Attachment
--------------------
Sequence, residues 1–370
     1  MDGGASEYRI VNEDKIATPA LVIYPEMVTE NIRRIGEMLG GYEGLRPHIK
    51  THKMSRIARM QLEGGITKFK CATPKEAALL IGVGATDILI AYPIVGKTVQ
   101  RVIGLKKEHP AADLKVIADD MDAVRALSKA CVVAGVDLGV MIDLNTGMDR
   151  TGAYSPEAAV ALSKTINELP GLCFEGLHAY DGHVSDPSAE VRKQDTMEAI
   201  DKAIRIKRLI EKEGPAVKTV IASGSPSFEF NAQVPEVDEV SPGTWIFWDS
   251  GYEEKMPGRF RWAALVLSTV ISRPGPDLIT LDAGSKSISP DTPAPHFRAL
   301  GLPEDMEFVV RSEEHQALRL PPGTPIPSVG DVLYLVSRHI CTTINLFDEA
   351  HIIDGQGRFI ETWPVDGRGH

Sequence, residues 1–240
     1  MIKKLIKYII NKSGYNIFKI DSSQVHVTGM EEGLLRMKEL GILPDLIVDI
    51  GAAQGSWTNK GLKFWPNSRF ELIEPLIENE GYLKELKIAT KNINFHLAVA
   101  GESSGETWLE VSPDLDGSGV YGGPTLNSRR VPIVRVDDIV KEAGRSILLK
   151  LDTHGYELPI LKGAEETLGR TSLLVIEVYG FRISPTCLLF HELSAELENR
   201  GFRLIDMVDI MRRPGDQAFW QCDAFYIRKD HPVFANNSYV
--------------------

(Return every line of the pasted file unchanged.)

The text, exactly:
Sequence, residues 1–370
     1  MDGGASEYRI VNEDKIATPA LVIYPEMVTE NIRRIGEMLG GYEGLRPHIK
    51  THKMSRIARM QLEGGITKFK CATPKEAALL IGVGATDILI AYPIVGKTVQ
   101  RVIGLKKEHP AADLKVIADD MDAVRALSKA CVVAGVDLGV MIDLNTGMDR
   151  TGAYSPEAAV ALSKTINELP GLCFEGLHAY DGHVSDPSAE VRKQDTMEAI
   201  DKAIRIKRLI EKEGPAVKTV IASGSPSFEF NAQVPEVDEV SPGTWIFWDS
   251  GYEEKMPGRF RWAALVLSTV ISRPGPDLIT LDAGSKSISP DTPAPHFRAL
   301  GLPEDMEFVV RSEEHQALRL PPGTPIPSVG DVLYLVSRHI CTTINLFDEA
   351  HIIDGQGRFI ETWPVDGRGH

Sequence, residues 1–240
     1  MIKKLIKYII NKSGYNIFKI DSSQVHVTGM EEGLLRMKEL GILPDLIVDI
    51  GAAQGSWTNK GLKFWPNSRF ELIEPLIENE GYLKELKIAT KNINFHLAVA
   101  GESSGETWLE VSPDLDGSGV YGGPTLNSRR VPIVRVDDIV KEAGRSILLK
   151  LDTHGYELPI LKGAEETLGR TSLLVIEVYG FRISPTCLLF HELSAELENR
   201  GFRLIDMVDI MRRPGDQAFW QCDAFYIRKD HPVFANNSYV